You may be wondering how to responsibly travel when there's usually no way to avoid air travel. We explain how below ... photo by CC user Denniss on wikimedia

With the Earth at a crossroads, wanderers everywhere are actively seeking out how to responsibly travel. There are many ways to discover the world without contributing to its destruction; below, we go over several ones that can help you have the maximum amount of positive impact on the environment…

photo by CC user Dual Freq on wikimedia

1) Buy carbon offsets

There’s no way around it: air travel is one of the greatest impacts on the environment that the travel industry has, burning up countless gallons of jet fuel that contribute to the ongoing problem of climate change.

Fortunately, you can displace the carbon that you burn up by purchasing carbon offsets, as the money that you contribute these bonds go towards the creation of carbon sinks like new groves of trees to replace clear cut forests, or to fund renewable energy projects that replace the burning of fossil fuels with clean electricity.

photo by CC user adventurespf on Flickr

2) Respect the local culture

The place where you are going sure ain’t Kansas, so don’t act like it is when you arrive there. Take a few hours in the days before leaving for a new destination to brush up on the local customs first, so that you don’t make an innocent hand gesture that might deeply offend somebody.

From not touching monks on the head in Thailand, to not giving people a “thumbs up” in Italy or Greece, a few seconds of internet research can save you from an awkward and embarrassing moment overseas.

photo by CC user dgmckelvey on Flickr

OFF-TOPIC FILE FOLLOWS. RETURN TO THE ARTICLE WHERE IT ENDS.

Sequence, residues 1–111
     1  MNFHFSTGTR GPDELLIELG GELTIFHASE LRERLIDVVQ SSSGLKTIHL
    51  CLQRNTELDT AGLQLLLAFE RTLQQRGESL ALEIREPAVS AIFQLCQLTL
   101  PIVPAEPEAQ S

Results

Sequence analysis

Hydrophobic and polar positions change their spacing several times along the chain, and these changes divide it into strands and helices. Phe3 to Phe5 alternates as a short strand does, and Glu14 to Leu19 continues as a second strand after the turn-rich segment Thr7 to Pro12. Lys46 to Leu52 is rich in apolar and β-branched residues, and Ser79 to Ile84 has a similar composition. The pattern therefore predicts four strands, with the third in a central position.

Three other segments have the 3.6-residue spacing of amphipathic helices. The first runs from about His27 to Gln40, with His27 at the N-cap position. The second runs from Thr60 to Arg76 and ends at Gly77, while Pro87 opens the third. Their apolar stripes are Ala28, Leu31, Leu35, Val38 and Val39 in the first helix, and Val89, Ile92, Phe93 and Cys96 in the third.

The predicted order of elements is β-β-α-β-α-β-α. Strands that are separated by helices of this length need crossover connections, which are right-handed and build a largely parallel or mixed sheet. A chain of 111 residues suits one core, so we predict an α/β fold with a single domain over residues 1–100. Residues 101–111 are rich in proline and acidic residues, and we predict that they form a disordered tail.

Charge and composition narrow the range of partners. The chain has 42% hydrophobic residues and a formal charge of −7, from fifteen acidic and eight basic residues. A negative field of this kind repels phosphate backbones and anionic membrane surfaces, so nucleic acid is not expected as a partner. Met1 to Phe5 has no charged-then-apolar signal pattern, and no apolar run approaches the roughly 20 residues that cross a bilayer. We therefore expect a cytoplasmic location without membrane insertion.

3) Support small and family run businesses

While it is easy to flock to familiar restaurants, hotels and other multinational corporate brands when abroad, doing so keeps those that desperately need an economic boost from your tourist dollar impoverished.

By supporting local hole in the wall eateries, market stalls and guesthouses over the usual suspects (McDonald’s, Wal-Mart, Holiday Inn, and so on), you will be making the lives of those in the local working class that much better.

This way, your money will find your way into their hands instead of largely being shipped overseas to bank accounts where it will sit collecting interest for some obscenely rich old dude that doesn’t need it.

photo by CC user30291875@N06 on flickr

4) Recycle and use public transport whenever possible

Many despair over the state of the environment in developing countries, as waste control is often lacking, but they often default to what the locals do (throwing trash on the ground, not recycling, etc), thinking that there is nothing they can do.

Hold on to that piece of trash as long as necessary to find a receptacle, and make a point of finding accommodations that make the effort to provide recycling options whenever possible. Also, when you can take a metro train instead of taking a cab, leap at the chance. You’ll interact with the local populace more, spend less time in traffic, and spew off less carbon emissions in the process.